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Preston v. Keith

Court of Appeals of Connecticut

February 13, 1990

Rebecca PRESTON et al.
v.
Anthony J. KEITH et al.

Argued Dec. 12, 1989.

Certiorari Granted March 28, 1990.

Page 215

Terence S. Hawkins, New Haven, with whom, on the brief, was Philip M. Schulz, Middletown, for appellants (plaintiffs).

William J. Melley III, Hartford, for appellees (defendants).

Before DALY, NORCOTT and FOTI, JJ.

[20 Conn.App. 657] NORCOTT, Judge.

The named plaintiff, Rebecca Preston, sued the defendants for personal injuries incurred as a result of an automobile accident allegedly caused by the defendant Anthony Keith's negligence. [1] The jury found that the plaintiff was 50 percent contributorily negligent and returned a verdict in favor of the plaintiff[20 Conn.App. 658] in the amount of $5593.50. Thereafter, the plaintiff made motions for additur, to set aside the verdict and for a new trial. The trial court denied all of the plaintiff's motions and this appeal ensued.

On appeal, the plaintiff claims that the trial court erred (1) in instructing the jury on the issue of the plaintiff's failure to mitigate damages where the evidence did not support such an instruction, and (2) if the evidence did warrant such a charge, in giving a fatally defective charge as to that issue. We find error in part.

The plaintiff first argues that the trial court erred in instructing the jury on the issue of failure to mitigate damages because there was insufficient evidence on that issue. We disagree. [2]

The jury could reasonably have found the following facts. The plaintiff, a thirty-seven year old woman, had been a bus driver for Clark's Transportation since 1980. In 1982, she was first involved in a motor vehicle accident as she was operating

Page 216

a school bus. She suffered no serious physical injury as a result of that accident [20 Conn.App. 659] and received minimal medical attention. On February 7, 1985, she was involved in another motor vehicle accident, which resulted in a lower back sprain. The plaintiff was treated by an orthopedic surgeon, Christopher Glenney, who referred her to Frank N. Maroski, a physical therapist, for general muscle therapy for her back. Glenney's concern as to "the best course to take" with the plaintiff was to get her "into a program where she was exercised and where she improved her general physical fitness, where she improved the muscle strength and the mobility of her spine and her lower extremities...." By early May, 1985, Glenney considered her capable of returning to work on a trial basis.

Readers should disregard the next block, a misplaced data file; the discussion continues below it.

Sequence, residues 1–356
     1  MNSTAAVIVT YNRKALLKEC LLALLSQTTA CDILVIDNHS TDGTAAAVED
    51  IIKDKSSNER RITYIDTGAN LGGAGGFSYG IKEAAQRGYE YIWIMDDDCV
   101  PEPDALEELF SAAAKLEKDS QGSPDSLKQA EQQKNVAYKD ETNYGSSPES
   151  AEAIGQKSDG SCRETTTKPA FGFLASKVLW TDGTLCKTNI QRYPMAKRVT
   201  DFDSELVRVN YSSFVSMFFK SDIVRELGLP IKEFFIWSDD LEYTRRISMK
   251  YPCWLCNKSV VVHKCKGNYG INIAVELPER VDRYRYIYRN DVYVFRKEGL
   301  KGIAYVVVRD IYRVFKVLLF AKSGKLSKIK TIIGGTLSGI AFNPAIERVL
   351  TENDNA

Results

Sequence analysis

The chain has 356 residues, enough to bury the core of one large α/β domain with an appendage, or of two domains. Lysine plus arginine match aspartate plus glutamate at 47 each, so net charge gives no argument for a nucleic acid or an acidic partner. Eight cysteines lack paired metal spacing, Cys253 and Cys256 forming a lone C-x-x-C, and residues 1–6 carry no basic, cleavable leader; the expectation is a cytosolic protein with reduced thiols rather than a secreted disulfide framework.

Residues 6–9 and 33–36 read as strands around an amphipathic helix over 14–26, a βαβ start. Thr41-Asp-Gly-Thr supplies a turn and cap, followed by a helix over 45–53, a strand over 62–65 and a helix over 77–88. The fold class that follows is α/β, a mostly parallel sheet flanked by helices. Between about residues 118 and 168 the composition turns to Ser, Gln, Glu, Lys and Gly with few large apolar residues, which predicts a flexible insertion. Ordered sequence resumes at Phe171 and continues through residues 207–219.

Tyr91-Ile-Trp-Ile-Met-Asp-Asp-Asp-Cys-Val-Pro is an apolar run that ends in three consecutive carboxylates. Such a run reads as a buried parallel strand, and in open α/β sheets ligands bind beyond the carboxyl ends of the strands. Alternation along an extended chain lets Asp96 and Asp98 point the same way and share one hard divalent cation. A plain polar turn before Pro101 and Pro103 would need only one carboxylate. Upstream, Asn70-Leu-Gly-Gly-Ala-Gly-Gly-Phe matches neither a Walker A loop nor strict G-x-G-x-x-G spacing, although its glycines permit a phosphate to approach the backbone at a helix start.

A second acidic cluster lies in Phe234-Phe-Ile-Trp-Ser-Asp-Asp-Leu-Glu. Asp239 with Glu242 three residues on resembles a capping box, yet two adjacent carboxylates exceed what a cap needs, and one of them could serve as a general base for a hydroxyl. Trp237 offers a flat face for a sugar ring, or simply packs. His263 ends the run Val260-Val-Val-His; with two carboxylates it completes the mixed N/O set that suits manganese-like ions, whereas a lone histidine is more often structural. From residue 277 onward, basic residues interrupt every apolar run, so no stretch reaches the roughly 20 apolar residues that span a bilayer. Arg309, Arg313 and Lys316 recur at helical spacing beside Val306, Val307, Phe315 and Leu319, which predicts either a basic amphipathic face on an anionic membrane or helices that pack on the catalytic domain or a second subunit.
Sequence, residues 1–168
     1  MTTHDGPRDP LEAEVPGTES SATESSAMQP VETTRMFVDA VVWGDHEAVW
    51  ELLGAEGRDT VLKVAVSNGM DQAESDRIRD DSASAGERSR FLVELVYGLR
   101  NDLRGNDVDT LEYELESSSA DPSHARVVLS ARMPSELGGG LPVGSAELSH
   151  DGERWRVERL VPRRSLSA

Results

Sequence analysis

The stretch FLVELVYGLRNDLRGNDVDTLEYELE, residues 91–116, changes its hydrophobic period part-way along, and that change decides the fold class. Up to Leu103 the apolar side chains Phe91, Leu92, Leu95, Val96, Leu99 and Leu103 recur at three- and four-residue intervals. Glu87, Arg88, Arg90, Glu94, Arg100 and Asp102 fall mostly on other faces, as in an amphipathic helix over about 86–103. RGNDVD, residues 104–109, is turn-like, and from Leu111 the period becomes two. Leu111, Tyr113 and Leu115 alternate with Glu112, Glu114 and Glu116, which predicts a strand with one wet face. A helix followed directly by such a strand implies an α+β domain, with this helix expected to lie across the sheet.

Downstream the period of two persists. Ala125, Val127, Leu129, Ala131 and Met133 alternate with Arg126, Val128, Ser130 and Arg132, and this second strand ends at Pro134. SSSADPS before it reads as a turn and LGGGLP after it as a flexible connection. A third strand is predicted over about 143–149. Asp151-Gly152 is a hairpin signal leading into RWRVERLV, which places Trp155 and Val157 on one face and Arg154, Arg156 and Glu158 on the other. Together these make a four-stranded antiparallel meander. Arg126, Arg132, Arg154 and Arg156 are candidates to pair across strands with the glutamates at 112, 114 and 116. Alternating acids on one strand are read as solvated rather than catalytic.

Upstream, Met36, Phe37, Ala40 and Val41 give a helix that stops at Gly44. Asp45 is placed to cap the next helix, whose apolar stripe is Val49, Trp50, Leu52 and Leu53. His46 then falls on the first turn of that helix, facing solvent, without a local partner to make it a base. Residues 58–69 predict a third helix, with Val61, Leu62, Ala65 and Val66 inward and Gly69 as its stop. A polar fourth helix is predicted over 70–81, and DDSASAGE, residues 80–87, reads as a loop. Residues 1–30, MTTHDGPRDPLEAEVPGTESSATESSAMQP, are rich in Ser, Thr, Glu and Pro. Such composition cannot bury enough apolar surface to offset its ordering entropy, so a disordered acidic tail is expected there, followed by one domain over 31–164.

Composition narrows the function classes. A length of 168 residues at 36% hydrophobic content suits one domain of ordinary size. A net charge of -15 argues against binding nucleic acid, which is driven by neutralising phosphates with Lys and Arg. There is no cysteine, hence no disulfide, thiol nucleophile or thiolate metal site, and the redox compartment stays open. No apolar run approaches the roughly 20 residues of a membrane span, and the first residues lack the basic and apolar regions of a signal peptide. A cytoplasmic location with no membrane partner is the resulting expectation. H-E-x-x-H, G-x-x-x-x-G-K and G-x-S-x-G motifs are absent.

The accident that is the subject of the present appeal occurred on May 15, 1985, when the plaintiff's school bus and the defendant's car collided. Glenney diagnosed a reinjury of the plaintiff's lower back. The plaintiff, again, stayed out of work and returned to physical therapy three times per week.

The evidence adduced at trial clearly showed that the plaintiff's recommended physical therapy included a regimen of exercises, as well as attendance at lectures regarding proper postural mechanics. The record also reflects that the jury had Before it abundant evidence from which it could have concluded that the plaintiff did not fully follow her therapist's directions. [3] Furthermore, in response to questions regarding the recommended extent of her physical therapy, the plaintiff, at one point, agreed that she was not completely complying with the therapist's recommendations, and, at another, she could not recall instances of her noncompliance[20 Conn.App. 660] with the therapist's recommended treatment. [4] "It is the province of the jury to determine the credibility of the witnesses and the weight to be accorded their testimony. Kubeck v. Foremost Foods Co., 179 Conn. 486, 487, 427 A.2d 391 (1980)." Trzcinski v. Richey, 190 Conn. 285, 298, 460 A.2d 1269 (1983). We conclude that the evidence in this record was sufficient to warrant the trial court's decision to instruct the jury on the plaintiff's failure to mitigate damages.

The plaintiff next argues that even if there was sufficient evidence to warrant the challenged instruction, the instruction as given by the trial court was fatally defective and constitutes reversible error. The essence of the plaintiff's claim is that the court erred in failing to address "proximate cause" and the allocation of proof in its charge on the failure to mitigate damages. We agree.

We first note that the defendant urges us to decline review of this claim because of the plaintiff's failure to preserve it below. [5] The defendant correctly points out that the plaintiff's exception to the charge at trial [20 Conn.App. 661] addressed only the

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alleged lack of evidence to support an instruction on the failure to mitigate damages. [6] The defendant contends that the claim regarding the form of the instruction was not raised ...


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